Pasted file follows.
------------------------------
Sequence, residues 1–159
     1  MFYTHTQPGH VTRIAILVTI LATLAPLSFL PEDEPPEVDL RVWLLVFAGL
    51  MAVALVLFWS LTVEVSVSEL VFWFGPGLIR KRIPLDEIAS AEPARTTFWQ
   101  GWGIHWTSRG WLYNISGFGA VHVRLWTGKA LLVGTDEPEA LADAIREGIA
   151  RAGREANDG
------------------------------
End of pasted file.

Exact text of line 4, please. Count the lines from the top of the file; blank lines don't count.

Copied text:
   101  GWGIHWTSRG WLYNISGFGA VHVRLWTGKA LLVGTDEPEA LADAIREGIA